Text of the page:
As a Society we strive to be an educational resource to the citizens of Needham and we are committed to preserving and sharing Needham’s unique legacy. To do this we require a lot of hard work and dedication from a lot of people. The society is blessed to have a very capable and hard working Executive Director, Gloria Greis, as well as a dedicated Board of Directors and Executive Committee.
The Society is also very lucky to have so many that give so much of their time and money to help us achieve our goal. We depend on the sponsorship of very generous businesses in town, like The Needham Bank and Provider Insurance, and they do not disappoint. We also depend upon the many wonderful people who are members and renew their memberships each year.
Events are also very important to the Society because they help to make the society more visible to the general public. This year our Chocolate and Champagne Party went Country and it proved to be quite the night! I want to thank Gina McClellan and Marcy Busch who showed true leadership by pulling together a large number of hardworking and dedicated people to make the night a really memorable event.
Another event that generates a lot of recognition for the Society is Needham’s Walk Through History held in the Fall. This past year we added a new Hub in Needham Heights. The Walk allows people to explore Needham’s history by visiting over 40 landmarks highlighted on a map that directs them to descriptive placards and to docents at various hubs to hear about historical events and places. Without the hard work and determination of Mark Gluesing, this event would not be possible.
Getting the word out to people about the Society and what we do requires a tremendous amount of publicity in a variety of ways and can pose a challenge. But with a lot of creativity and determination by our own Alison Borrelli, we were able to increase our exposure through Social Media sites. Alison has worked closely with Gloria over the past several months to determine ways to improve how we advertise the Society. Both Gloria and Alison have proven to be a great team, and the number of likes on Facebook and other sites increases by the day.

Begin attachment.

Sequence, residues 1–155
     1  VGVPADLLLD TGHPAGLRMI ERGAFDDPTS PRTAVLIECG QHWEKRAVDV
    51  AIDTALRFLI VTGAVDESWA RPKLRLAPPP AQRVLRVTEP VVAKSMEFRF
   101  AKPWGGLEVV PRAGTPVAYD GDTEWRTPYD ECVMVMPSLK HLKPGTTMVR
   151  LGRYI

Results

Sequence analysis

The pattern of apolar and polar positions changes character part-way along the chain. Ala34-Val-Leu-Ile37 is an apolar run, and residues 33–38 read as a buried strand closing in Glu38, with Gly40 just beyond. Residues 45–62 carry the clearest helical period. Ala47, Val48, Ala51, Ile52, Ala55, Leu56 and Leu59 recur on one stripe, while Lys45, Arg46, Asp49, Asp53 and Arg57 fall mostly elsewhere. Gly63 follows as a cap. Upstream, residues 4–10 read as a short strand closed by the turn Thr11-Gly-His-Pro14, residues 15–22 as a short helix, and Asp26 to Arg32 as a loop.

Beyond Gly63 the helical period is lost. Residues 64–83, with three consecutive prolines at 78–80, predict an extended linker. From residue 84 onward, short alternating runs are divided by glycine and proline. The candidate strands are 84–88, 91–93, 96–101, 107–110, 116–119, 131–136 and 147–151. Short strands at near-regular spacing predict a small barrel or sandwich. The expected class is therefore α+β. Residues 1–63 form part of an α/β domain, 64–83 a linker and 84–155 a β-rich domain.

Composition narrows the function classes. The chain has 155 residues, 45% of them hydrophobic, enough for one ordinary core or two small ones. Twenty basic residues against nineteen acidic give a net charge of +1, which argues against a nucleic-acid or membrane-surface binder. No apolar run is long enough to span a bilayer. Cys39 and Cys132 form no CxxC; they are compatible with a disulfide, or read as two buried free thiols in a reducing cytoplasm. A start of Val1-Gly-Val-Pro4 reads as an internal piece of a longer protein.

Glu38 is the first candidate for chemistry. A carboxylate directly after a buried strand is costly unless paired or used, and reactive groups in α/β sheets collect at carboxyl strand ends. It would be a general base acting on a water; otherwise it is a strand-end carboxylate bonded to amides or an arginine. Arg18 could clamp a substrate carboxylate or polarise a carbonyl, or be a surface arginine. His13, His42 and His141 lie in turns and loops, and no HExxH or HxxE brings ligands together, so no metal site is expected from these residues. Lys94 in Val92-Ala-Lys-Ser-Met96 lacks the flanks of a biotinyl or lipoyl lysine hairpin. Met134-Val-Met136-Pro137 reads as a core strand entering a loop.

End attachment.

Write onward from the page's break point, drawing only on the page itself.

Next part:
In a few minutes I will ask Alison Borrelli to present the Report of the Nominating Committee and ask for a vote on the slate of new Board Members and Trustees, but before I do that, there are a few people who have been a part of our Board of Directors and Trustees who will not be continuing in these roles next year, and I would like to recognize them and thank them for their service to the Society.
Michael Nathanson – served both as a Board Member and a Trustee. In addition to his financial expertise, Michael was the one who first proposed the idea of a Walk Through History. He felt that by giving people an opportunity to learn about historic places and events in town by actually visiting the various locations to read write-ups and see pictures it would increase the Society’s exposure in the Community and help us to achieve our mission. The feedback from participants in the walk has proven that Michael’s idea was a good one.
Chaim “Mike” Rosenberg – served on the Board of Directors. Mike contributed as a Historian and has presented a variety of programs about Needham’s History for the Society. He also teamed up with Gloria to write a book about the Knitters of Needham, which is for sale at the Society.
Steve Theall – served on the Board of Directors. Steve contributed in a variety of ways with his expertise in Education as well as bringing his wealth of management expertise to the Society. He helped to identify people for the Board with the variety of skills necessary to help the Society achieve its Mission. He also helped us move our Annual Dinner venue from the Sheraton to here at The Golf Club, a move we will be forever grateful for.
Joan Wasserman – served on the Board of Directors. Joan served on a variety of committees and was a tireless worker in each capacity she served. She found out that her employer would donate a certain sum of money to organizations that she volunteered for depending upon hours and level of service. She always tried to maximize her involvement so that we got the most from her employers. Most of you will remember Joan as the one who manned the Chocolate Fountain at the Chocolate and Champagne events held at the Society.
We all appreciate the many years of service that each of these individuals provided to the Society and we wish them well in their new endeavors. Thank you Michael, Mike, Steve and Joan.
Executive Director’s Remarks – Gloria Greis